Less than a year after evangelical Christians turned out in record numbers to elect George W. Bush president, they're finding out that their so-called leader has done little to nothing for them.
I still see a ton of late-model, expensive cars with "W" stickers on them. I've held back on my overwhelming urge to smash in all of their windows with a brick.
He campaigned on a platform which paid much lip service to the Christian right. He professed to be anti-abortion, against gay marriage, against stem cell research and for the Bible.
He's done exactly nothing about those issues. Republicans have held the White House for 18 of the last 30 years and abortion is even more widely available than when Reagan was first elected in 1980.
Gay people have stubbornly refused to disappear from the planet, despite the president's wishes, and states are making their own decisions about gay marriage.
Yet I still see a ton of late-model, expensive cars with "W" stickers on them. I've held back my overwhelming urge to smash in all of their windows with a brick. It is my contribution to bipartisanship. Besides, it's a good way to identify the idiots of the world.
Instead of supporting do-nothing presidents, Christians should turn their attention to the various ways they are under attack. There's a full-frontal assault on Christianity underway right here in America and your president is doing nothing about it.
Forget about the Ten Commandments statues on courthouse lawns; what we're seeing here is nothing more or less than full-out censorship, governmental intervention in religion and an inability to freely spread the Gospel.
Where is the freedom to evangelize in China? Where is justice for the Dalai Lama and Tibet? Why does much of the Muslim world hate us more than ever before?
Closer to home, a local Republican judge, Cale Bradford, recently ruled a couple could not teach their child "non-mainstream religious beliefs and rituals." The religion in this case was Wicca; next time, it could be the Pentecostals or Jehovah's Witnesses.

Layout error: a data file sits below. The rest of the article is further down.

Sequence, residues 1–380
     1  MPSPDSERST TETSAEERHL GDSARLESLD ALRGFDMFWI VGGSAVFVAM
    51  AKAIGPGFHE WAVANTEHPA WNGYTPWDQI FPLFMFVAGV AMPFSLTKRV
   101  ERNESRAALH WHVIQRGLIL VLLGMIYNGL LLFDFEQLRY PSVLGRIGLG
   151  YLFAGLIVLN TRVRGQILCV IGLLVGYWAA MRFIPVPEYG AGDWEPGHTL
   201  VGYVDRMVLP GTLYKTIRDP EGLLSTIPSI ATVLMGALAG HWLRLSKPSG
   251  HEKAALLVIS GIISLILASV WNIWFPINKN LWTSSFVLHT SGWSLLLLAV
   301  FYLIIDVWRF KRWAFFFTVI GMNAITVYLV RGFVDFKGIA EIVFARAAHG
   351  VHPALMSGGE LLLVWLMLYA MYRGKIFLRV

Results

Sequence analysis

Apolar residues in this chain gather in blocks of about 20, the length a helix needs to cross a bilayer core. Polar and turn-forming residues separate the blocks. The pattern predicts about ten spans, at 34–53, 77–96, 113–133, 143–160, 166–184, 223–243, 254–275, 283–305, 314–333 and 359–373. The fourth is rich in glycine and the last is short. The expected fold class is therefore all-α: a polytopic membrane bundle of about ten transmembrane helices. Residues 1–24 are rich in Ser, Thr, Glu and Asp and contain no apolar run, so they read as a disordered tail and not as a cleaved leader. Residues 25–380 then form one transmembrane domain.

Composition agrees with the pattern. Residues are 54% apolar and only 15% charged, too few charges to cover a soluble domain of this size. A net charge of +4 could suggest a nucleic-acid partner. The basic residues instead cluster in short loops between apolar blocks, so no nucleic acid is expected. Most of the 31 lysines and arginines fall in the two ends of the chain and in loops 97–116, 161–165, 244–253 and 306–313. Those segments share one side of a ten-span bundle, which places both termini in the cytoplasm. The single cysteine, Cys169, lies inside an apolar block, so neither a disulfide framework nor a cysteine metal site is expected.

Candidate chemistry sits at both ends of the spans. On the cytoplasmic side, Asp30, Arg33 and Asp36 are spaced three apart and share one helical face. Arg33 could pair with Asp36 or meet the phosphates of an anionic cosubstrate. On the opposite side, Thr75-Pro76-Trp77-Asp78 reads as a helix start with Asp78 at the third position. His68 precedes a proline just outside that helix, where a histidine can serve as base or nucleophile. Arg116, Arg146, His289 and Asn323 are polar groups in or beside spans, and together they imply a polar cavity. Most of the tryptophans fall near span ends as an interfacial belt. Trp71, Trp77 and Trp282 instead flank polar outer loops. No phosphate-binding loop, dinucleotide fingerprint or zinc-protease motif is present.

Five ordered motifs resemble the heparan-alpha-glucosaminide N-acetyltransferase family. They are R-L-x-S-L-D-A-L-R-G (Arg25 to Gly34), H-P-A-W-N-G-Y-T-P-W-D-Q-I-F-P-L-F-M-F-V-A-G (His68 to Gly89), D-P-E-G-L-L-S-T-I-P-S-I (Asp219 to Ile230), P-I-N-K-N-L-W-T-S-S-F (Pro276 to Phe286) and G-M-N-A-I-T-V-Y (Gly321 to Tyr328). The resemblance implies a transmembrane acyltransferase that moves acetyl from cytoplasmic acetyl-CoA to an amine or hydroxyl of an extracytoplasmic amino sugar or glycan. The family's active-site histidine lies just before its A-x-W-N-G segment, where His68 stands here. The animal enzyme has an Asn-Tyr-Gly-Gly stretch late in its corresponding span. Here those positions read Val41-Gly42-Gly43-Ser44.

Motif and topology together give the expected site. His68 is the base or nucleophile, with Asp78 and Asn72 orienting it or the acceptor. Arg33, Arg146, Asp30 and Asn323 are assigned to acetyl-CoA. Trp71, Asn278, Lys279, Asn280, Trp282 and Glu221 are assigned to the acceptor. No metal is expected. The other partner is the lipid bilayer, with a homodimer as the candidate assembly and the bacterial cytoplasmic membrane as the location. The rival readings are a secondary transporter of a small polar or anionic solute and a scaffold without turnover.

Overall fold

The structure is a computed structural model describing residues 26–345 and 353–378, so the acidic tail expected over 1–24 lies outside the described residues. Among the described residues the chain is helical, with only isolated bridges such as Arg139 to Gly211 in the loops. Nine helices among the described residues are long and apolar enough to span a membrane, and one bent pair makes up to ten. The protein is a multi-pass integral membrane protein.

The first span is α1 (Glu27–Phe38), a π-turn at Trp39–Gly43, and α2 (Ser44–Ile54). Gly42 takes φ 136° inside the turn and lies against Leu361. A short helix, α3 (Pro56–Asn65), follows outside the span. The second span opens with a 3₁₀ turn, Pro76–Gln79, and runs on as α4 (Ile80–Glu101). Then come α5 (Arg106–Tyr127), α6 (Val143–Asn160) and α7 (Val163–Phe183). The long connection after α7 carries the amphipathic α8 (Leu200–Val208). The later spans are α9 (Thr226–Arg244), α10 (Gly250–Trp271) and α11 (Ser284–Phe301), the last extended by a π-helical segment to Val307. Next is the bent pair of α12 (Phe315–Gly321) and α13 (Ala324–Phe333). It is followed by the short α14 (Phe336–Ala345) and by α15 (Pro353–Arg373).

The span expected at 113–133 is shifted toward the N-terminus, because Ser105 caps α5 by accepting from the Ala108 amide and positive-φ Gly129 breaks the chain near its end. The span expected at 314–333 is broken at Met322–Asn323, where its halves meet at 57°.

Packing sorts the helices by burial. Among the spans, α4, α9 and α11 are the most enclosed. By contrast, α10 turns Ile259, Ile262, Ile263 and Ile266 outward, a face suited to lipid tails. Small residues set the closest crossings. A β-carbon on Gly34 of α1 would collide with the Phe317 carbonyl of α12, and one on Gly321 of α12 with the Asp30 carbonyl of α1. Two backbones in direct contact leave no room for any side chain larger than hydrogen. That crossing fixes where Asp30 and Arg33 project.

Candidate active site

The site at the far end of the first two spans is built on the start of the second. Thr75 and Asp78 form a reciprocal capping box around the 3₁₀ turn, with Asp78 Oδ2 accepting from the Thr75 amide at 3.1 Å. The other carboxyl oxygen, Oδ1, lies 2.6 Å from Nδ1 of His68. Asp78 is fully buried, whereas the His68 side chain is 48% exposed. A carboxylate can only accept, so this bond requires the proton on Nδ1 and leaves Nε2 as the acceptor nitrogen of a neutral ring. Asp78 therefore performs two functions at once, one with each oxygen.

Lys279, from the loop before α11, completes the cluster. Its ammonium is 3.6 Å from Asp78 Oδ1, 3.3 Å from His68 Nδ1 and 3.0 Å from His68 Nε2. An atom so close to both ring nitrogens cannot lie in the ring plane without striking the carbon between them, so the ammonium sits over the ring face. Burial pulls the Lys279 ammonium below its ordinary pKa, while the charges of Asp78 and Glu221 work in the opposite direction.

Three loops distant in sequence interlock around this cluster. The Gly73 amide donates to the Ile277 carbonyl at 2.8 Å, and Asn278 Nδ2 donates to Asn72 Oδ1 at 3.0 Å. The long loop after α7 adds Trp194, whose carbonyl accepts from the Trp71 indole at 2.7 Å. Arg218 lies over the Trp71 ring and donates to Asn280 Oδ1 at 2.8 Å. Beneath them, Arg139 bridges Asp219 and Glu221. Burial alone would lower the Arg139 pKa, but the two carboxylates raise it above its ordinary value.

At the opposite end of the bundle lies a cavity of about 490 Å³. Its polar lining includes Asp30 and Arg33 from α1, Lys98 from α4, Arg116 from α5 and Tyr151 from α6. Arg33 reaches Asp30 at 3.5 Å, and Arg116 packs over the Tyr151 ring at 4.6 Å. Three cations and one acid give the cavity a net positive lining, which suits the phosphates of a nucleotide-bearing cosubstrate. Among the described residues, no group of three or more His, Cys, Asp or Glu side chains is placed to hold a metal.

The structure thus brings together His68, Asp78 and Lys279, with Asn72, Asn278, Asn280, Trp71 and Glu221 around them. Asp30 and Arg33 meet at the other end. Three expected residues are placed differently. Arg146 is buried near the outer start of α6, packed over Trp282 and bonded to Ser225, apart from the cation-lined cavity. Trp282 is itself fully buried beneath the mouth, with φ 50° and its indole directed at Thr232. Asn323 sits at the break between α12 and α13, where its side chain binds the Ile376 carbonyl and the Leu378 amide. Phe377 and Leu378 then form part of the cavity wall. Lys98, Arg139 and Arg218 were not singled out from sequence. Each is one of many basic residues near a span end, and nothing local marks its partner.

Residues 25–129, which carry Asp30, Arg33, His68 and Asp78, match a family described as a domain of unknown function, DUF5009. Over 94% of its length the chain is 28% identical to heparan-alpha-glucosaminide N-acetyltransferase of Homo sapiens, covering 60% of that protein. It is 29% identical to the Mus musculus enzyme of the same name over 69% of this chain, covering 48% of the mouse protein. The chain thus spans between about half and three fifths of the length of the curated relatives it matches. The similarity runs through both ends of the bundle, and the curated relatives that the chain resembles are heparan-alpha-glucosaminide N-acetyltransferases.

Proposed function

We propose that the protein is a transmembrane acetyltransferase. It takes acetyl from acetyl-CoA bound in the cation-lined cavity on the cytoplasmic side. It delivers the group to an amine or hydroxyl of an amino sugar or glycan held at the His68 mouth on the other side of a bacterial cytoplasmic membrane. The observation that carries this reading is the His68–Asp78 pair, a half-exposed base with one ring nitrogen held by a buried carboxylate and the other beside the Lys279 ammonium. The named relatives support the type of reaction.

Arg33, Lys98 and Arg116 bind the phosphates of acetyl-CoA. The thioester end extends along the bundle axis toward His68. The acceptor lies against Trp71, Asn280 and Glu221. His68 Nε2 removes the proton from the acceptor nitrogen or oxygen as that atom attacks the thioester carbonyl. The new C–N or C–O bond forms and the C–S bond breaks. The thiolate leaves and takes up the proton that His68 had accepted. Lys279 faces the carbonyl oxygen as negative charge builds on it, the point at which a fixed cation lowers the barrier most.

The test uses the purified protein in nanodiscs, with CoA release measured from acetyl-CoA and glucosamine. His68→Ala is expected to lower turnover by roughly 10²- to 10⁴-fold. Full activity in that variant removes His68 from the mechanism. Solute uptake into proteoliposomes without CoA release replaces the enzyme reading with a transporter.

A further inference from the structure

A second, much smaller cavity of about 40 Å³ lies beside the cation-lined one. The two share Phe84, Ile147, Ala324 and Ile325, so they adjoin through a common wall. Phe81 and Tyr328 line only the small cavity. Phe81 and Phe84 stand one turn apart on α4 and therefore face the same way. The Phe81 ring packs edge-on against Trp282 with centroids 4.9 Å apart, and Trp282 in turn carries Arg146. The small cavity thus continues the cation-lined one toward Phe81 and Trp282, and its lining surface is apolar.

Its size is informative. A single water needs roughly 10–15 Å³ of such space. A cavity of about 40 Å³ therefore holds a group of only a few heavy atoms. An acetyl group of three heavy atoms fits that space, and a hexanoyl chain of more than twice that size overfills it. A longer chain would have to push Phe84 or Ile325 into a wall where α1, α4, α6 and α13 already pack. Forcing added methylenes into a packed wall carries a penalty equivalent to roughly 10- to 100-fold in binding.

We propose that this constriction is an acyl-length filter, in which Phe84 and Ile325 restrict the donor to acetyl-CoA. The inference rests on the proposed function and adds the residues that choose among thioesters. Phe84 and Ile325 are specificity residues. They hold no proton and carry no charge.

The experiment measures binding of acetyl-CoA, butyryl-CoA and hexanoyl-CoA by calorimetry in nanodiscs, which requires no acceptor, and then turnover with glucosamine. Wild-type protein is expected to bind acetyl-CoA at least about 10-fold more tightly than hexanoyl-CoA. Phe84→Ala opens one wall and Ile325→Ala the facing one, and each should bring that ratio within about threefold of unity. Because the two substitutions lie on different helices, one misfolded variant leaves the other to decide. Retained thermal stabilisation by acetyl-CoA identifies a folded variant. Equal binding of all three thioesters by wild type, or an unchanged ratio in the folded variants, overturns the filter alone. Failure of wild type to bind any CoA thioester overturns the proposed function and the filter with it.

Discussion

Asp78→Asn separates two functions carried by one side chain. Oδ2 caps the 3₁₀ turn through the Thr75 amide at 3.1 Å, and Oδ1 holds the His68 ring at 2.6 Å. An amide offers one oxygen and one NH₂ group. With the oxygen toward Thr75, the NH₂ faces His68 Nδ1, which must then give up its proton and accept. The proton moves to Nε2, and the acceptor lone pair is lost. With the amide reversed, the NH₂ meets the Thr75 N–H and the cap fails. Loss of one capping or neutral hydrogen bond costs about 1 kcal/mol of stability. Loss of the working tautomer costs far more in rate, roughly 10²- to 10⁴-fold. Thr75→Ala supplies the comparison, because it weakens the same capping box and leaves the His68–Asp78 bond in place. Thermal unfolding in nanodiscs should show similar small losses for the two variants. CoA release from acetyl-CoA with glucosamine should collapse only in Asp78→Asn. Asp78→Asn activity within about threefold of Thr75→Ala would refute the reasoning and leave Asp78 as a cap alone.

Remember, this wasn't a fire-breathing friend of Bill and Hillary who did this; it was a Marion County Republican judge supported by Republicans.
The next most obvious case of alleged interference in religion comes from two former editorial writers from The Indianapolis Star, who filed suit last week against the newspaper. Trade magazine Editor & Publisher described the case this way: "The suit alleges that Star Editor Dennis Ryerson and Publisher Barbara Henry said editorials perceived as proselytizing or containing Christian overtones could not be printed in the paper."
Former employees James L. Patterson and Lisa Coffey are seeking reinstatement and lost wages, as well as benefits, emotional distress and punitive damages.
The Star vigorously rejected the charges as being without merit.
Not being privy to the specifics of the case, I can't say whether Patterson and Coffey were discriminated against.
But, since I work for a locally-owned company that respects its employees' beliefs, I can say this: I am a Christian. I fully believe that Christ was crucified for our sins. It is the blood He shed which washes away our sins.
Imagine that. A true Clinton Democrat has the freedom to say that. A liberal who voted enthusiastically for John Kerry can say that, but a columnist for The Star could get axed for writing those words, if the lawsuit is to be believed.
Would I get fired at The Star for quoting this Maya Angelou poem?
When I say ... "I am a Christian"
I'm not claiming to be perfect,
My flaws are far too visible
But God believes I am worth it.
You have to understand that The Star and its byproducts are tiny cogs in the steel wheels of a multinational corporation that's the living embodiment of the New World Order. Just be careful which beliefs you hold.
I don't know the religious beliefs, if any, of Mr. Ryerson and Ms. Henry but if I worked at The Star I'd follow what they do, just to stay out of trouble.
However, I was privileged to briefly work with Mr. Patterson at the Indianapolis Recorder in the early 1990s, when he was temporarily assigned there.
I found him not only to be a great writer, but a great man as well. He is a leader among men whose only preaching came in exhorting us to become better journalists. I knew him as a family man, a kind man and a Christian man.
In the years since, I followed his columns because of the depth and humanity he brought to each topic he tackled. He sympathized with the underdogs of the world and was an advocate for social justice. He graced The Star's pages.
I don't recall him telling his readers to visit a specific church or to buy a specific translation of the Bible. There have been no reports of either Patterson or Coffey handling snakes, speaking in tongues or passing out jack Chick tracts at work.
I know a couple other Star employees who are Christians, but I'm afraid now to out them.
We live in interesting times, where war is peace, where freedom is slavery and where democracy is enforced at gunpoint. As Malcolm X once said, in a very different context, "The chickens have come home to roost."